"Audit Firm Internal Governance, Auditor Behavior, and Financial Reporting Quality" by Dr. Daniel Aobdia
- 10:30 a.m. — 12:00 noon
Dr. Daniel Aobdia
Associate Professor of Accounting Information & Management
Kellogg School of Management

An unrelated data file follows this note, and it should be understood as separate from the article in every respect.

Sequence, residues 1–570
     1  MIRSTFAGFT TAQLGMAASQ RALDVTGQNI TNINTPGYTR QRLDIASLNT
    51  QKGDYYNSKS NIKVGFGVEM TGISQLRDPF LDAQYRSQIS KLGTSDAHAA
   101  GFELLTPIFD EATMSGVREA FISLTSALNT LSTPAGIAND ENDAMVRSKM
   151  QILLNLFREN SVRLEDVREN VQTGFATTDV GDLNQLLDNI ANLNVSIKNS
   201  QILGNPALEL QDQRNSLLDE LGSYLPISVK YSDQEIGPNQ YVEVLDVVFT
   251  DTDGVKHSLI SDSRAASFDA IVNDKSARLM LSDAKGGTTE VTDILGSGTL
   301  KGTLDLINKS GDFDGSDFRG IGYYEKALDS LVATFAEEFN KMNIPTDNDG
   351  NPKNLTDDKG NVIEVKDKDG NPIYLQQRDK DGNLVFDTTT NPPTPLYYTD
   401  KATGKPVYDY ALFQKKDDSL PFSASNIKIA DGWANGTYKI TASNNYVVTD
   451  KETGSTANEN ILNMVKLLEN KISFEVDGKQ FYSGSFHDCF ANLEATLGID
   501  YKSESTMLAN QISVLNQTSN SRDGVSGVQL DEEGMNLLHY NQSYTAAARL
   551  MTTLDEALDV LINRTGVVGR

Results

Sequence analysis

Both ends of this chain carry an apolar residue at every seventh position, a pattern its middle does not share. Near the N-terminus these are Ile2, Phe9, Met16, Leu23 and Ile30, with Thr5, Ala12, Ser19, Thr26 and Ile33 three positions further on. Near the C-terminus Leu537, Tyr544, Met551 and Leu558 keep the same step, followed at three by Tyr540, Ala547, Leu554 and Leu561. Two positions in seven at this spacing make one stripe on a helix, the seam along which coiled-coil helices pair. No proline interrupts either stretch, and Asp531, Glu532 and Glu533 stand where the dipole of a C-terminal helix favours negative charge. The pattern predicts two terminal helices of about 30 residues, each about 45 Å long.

Using proprietary PCAOB data on audit firms’ internal inspection programs, we study the effect of audit firm internal governance on auditor behavior and financial reporting quality. Internal inspection programs are an important quality control mechanism within large audit firms. We find that internal inspections are often predictable. Engagement partners predict not only when they will be inspected, but also which of their engagements will be inspected. The engagement team takes advantage of this predictability and concentrates effort on the audit that ultimately is selected for an internal inspection. We further find that the engagement team changes audit effort in response to the inspection outcome. If the outcome is favorable, the team reverts audit effort back to the pre-inspection level. However, if the outcome is unfavorable, the team increases effort on future engagements of the client for multiple years. The higher effort in preparation for an internal inspection and in response to an unfavorable outcome improves the client’s financial reporting quality only if the internal inspection program is considered effective by the PCAOB. These results suggest that higher effort under ineffective internal inspection programs likely involves excessive documentation and reflects lower audit efficiency. Collectively, our evidence highlights the importance of an effective internal inspection program in shaping financial reporting quality.